If that’s how you feel about young folk, you’re not alone. You’re not even original. The quote above came from Socrates, and he said it 2,400 years ago.

Older generations have always had negative views of those who come after.

I read an article in a Life magazine from the 1930s. The writer called the youth of the day “lazy” and “shiftless” and opined they would spell the doom of the Great American Experiment. Those lazy and shiftless kids went on to be dubbed as the Greatest Generation. 

Another great fella once said: “I used to be with ‘it’, but then they changed what ‘it’ was. Now what I’m with isn’t ‘it’ anymore and what’s ‘it’ seems weird and scary. It’ll happen to you!”

So why does the same refrain echo throughout eternity? For one, our brains change as we age. With more years, our ability to distinguish chords of music diminishes. It’s why all new music sounds “like noise” to older people.

Lack of exposure also plays a part. I don’t know when I went from the person who fixed the tech issues at home and work, but now I’m nothing more than a “turn it on, turn it off” guy and then send an email if that doesn’t work. I let my skill diminish. I failed to continue learning. It’s now difficult and irritates me. I’ve become the one who needs the help.

The world changes. That’s as true as you shouldn’t lend money to friends, and you shouldn’t ask a man why he’s digging a hole. Don’t build a structure with a flat roof either. Just asking for trouble.  

Young people don’t necessarily know more than older people. They just know more about a modern world that is run by computers where fame and fortunes are made over an Ethernet connection or Wi-Fi signal. There was similar sentiment at the invention of the railroad, the car, the washing machine, the dishwasher, the airplane, emails, text messages. The inventors of those were hard workers.  They were entrepreneurs. They were young. You see young people work just as hard as older people. They just do it differently. Kids learn differently now. Their brains are wired in a way that is foreign to those of us who knew a world before the internet. It’s why I can’t teach the way I was taught. Attention spans are toast nowadays. I had to change as well.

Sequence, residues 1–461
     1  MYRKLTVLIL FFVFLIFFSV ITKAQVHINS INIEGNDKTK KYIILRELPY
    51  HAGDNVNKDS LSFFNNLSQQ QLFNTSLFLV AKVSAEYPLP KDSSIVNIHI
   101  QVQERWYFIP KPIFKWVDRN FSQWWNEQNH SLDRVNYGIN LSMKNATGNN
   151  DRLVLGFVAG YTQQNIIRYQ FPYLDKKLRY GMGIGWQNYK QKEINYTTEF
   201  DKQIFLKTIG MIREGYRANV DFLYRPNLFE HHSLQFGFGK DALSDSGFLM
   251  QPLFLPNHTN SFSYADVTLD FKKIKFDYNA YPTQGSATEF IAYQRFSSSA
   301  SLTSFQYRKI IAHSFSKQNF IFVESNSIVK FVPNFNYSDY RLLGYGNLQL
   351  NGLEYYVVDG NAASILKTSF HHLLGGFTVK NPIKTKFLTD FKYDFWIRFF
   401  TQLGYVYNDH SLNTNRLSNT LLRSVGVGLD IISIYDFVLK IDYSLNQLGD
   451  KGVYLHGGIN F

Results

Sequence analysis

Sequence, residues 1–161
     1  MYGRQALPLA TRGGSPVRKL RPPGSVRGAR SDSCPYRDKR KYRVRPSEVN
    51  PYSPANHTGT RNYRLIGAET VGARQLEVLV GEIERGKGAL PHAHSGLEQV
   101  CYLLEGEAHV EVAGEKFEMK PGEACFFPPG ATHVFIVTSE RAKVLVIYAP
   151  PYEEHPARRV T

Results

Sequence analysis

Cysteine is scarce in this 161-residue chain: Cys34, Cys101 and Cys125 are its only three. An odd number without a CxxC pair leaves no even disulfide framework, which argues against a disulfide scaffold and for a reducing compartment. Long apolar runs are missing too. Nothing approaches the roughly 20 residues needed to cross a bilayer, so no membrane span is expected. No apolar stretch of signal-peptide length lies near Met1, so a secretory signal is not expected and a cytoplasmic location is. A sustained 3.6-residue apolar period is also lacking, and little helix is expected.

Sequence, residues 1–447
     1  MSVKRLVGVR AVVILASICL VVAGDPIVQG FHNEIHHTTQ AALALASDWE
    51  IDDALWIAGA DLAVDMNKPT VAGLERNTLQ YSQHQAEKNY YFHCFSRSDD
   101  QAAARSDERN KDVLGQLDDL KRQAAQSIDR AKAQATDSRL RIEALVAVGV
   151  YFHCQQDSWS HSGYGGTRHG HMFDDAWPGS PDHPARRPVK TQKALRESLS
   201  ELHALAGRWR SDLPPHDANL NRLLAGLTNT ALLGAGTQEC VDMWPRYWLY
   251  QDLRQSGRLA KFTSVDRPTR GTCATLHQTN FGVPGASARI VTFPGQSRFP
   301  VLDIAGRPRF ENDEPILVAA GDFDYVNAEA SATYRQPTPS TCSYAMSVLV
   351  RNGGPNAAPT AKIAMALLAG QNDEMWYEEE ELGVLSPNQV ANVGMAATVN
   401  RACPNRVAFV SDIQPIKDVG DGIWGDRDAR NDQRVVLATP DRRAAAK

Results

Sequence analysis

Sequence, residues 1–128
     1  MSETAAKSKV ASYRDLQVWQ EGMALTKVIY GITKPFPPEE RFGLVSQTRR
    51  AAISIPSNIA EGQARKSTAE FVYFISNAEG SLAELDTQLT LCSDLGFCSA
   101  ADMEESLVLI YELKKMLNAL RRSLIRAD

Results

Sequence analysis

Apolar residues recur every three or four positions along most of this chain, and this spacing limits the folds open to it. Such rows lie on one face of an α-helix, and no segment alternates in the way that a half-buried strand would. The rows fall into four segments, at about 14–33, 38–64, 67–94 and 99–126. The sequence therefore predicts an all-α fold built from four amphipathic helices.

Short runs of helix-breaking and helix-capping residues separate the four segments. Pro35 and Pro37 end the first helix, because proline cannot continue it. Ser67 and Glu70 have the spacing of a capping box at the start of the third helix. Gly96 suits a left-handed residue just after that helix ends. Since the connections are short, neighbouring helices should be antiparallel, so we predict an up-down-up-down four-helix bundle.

Values change. Political beliefs change. Society changes. It happened from my grandfather’s world to my fathers. It happened from my fathers to mine. And it’ll happen from mine to my daughters.  

Facebook memes tell us “these kids today” are the problem with the world, but the same story persists throughout time.

In reality, probably one of the biggest problems America has is that when you get old, a lot of us simply forget what it’s like to be young.